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Dietary Tips for UTIs: What to Eat and Avoid

Urinary Tract Infection (UTI) is the second commonest infection in the US, affecting every 10 in 25 women and 3 in 25 men in their lifetime. Some may be serious, and some not. However, you should seek treatment to avoid reoccurrence or worsening. If you have a UTI, it’s crucial to watch out for your diet, as some elements can be problematic. Proper dieting can go a long way if you’re looking for relief.

Add this to-do list of drinks, foods, and supplements that you should eat and should not eat if you have a UTI, pronto.

What to Eat/Drink to Improve UTIs

Fluids: Staying hydrated is one of the best-proven ways to prevent or reduce urinary tract infections. Water is vital to dilute the contents in your bladder, leading to less irritation. Drinking plenty of water can help you frequently urinate, flushing bacteria from your kidney and bladder. If you’re looking to increase fluid intake, plain water is the best.

Cranberry juice is an old-age alternative as it lowers the recurrence of UTIs in women. A recent study shows that Cranberry juice reduces developing UTIs by 26%. Cranberry fruits have a compound called A-type proanthocyanidin (PAC) that reduces the ability of e-coli bacteria to stick in the urinary tract walls. The compound also helps flush the bacteria out of your system. If you’re going to buy cranberry juice, make sure it’s unsweetened and not concentrated. Take ¼ cup of cranberry extracts or unsweetened cranberry juice two or three times daily.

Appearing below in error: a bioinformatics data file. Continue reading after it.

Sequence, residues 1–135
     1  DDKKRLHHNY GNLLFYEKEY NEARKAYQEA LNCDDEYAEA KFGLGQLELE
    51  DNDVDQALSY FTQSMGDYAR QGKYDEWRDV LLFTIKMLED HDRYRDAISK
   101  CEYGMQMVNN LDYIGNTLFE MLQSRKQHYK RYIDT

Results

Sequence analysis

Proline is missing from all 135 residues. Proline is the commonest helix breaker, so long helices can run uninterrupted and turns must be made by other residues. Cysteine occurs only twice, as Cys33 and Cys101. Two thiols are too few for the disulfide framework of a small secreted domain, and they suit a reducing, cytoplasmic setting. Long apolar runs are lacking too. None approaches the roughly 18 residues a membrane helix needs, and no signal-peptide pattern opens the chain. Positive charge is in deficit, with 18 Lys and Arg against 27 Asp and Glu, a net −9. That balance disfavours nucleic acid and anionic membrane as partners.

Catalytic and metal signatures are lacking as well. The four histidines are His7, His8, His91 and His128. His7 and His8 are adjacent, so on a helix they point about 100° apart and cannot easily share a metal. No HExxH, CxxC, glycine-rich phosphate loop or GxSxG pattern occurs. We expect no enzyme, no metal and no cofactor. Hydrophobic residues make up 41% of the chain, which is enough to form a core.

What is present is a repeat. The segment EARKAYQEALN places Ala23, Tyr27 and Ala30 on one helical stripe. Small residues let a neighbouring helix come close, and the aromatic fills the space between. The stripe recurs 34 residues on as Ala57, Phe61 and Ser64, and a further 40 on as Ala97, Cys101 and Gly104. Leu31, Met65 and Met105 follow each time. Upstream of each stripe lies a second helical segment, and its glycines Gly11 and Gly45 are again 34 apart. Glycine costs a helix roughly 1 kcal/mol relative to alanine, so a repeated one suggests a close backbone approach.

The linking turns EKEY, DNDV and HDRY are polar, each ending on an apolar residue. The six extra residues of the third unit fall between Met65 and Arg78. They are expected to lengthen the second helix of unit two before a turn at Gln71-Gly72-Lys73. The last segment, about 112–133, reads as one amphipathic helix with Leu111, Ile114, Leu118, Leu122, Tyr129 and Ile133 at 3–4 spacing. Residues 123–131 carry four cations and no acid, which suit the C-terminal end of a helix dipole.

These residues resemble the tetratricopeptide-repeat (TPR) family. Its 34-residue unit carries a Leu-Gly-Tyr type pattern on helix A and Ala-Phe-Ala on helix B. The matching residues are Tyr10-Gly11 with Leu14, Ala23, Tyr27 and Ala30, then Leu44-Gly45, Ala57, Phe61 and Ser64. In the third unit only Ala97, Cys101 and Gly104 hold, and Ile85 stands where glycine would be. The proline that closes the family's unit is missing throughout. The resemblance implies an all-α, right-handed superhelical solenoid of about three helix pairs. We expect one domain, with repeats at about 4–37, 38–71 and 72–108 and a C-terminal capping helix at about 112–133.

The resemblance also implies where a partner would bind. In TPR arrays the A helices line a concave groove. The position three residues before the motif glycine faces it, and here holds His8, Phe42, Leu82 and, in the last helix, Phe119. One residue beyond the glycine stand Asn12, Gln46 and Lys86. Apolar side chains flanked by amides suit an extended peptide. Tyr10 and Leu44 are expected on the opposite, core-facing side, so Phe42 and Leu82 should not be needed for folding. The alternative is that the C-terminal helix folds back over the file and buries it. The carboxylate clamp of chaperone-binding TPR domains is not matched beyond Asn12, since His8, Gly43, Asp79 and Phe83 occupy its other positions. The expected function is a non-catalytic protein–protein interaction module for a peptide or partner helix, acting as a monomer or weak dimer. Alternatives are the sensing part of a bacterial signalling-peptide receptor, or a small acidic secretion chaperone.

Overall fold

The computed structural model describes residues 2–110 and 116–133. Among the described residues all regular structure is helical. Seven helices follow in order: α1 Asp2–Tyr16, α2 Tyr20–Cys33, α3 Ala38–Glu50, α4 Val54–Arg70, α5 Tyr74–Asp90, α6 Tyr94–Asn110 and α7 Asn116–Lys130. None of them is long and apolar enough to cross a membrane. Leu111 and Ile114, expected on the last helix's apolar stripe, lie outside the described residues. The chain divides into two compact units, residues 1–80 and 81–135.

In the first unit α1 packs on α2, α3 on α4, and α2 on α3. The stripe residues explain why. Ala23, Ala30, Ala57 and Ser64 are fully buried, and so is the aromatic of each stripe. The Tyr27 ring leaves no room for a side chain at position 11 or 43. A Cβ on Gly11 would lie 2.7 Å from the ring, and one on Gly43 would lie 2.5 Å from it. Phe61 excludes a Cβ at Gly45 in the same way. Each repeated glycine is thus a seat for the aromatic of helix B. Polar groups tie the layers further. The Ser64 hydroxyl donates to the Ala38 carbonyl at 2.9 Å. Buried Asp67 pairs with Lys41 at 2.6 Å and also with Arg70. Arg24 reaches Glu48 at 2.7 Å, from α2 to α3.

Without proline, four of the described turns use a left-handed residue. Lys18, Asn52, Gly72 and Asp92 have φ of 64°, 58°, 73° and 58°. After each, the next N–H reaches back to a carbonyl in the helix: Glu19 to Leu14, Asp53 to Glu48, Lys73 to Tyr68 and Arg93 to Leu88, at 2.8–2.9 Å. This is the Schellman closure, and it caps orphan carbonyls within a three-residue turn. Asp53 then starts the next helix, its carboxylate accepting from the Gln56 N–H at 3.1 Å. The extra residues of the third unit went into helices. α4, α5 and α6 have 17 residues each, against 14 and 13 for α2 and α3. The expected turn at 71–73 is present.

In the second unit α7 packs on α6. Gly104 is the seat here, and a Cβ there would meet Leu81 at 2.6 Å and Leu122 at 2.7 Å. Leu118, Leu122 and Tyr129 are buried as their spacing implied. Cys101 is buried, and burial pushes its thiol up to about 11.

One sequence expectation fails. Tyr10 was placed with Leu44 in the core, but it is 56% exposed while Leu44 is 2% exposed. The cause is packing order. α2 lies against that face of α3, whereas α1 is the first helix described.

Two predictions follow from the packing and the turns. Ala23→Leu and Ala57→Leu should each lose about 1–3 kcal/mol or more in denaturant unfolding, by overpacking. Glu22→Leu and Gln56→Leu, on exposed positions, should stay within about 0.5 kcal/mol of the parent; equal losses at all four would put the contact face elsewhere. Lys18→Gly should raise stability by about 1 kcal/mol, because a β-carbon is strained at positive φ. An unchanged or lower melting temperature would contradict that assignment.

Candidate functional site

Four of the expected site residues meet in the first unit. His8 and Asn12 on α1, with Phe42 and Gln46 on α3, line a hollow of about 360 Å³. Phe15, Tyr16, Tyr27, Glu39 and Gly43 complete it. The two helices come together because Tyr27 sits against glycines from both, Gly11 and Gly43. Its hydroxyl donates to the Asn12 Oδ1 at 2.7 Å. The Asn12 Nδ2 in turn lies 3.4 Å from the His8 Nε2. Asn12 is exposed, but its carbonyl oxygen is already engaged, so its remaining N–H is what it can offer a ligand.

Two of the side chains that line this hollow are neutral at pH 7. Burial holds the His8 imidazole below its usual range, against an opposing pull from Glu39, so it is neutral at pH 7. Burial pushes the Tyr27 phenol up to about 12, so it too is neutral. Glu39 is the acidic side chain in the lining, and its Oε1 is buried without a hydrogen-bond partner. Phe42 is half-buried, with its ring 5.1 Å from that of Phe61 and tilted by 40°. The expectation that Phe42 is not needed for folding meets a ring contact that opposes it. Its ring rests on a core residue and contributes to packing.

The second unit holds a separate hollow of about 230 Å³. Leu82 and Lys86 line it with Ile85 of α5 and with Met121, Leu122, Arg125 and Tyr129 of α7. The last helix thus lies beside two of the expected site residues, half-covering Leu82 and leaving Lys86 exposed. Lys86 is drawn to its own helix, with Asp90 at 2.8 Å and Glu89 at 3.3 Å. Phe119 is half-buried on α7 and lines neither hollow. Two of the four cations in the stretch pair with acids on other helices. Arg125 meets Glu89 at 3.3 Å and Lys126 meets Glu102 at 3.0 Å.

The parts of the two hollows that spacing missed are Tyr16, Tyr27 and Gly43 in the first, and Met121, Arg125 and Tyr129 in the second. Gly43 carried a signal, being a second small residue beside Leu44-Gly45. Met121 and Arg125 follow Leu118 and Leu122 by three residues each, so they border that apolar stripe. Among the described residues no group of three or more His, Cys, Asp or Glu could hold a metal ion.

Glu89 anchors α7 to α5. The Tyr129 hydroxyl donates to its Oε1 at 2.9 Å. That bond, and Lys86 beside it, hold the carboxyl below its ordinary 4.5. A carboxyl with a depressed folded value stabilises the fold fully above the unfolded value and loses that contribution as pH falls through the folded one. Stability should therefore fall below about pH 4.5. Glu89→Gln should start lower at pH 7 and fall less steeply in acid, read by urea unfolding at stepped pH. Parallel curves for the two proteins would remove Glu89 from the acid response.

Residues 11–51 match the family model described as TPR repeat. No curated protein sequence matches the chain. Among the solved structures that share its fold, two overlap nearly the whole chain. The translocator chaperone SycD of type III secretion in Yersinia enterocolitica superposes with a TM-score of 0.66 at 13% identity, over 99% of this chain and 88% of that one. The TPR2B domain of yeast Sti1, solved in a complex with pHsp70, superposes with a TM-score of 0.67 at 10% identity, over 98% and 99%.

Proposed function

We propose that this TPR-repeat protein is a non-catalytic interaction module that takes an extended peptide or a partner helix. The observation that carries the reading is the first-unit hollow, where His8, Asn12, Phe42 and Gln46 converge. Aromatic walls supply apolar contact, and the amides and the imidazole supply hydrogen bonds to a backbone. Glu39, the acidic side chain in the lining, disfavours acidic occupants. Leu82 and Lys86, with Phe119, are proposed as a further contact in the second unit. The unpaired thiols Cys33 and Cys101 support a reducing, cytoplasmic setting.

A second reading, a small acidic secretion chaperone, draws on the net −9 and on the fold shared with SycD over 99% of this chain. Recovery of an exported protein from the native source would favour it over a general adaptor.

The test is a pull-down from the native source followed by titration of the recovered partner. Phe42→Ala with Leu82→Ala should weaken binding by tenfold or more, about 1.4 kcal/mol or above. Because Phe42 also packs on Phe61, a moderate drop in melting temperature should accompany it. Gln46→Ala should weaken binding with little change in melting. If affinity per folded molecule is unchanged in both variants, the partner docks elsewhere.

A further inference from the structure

Foods Rich in Vitamin C: If you have a UTI, your urine tends to have higher pH than usual, making it more acidic. Eating fruits with high vitamin C with your meals like oranges, strawberries, kiwifruit, tomatoes, and leafy green vegetables, can lower the pH level in the urine to kill the E-coli bacteria effectively. Also, it can help prevent bacteria from multiplying quickly and limit the rate of infection.

What to Avoid When You Have a UTI

Foods and Drinks Containing High Sugar Amounts: It’s necessary to avoid high-sugar foods and drinks as they can irritate your bladder. Foods and drinks rich in sugar include energy drinks, candy and sweets, soda, and cakes.

Caffeine: Coffee is a leading culprit for people with UTIs. It increases the rate of urination which could lead to increased dehydration. In turn, you increase the E-coli bacteria in your bladder. That means you’ll have salts in your urine that will eventually irritate your bladder and worsen UTI symptoms. Frequent urination could also make you hold back your desire to urinate.

Acidic fruits and spicy foods: Fruits are essential for maintaining a healthy diet. But highly-acidic foods can cause bladder irritation and heighten your UTI symptoms. If possible, avoid fruits such as lemons, oranges, and other acidic foods when treating UTIs.

Topping your nachos with jalapenos or sprinkling your pizza with red pepper has to stop when treating UTI. Just like acidic fruits cause bladder irritation, so do spicy foods.

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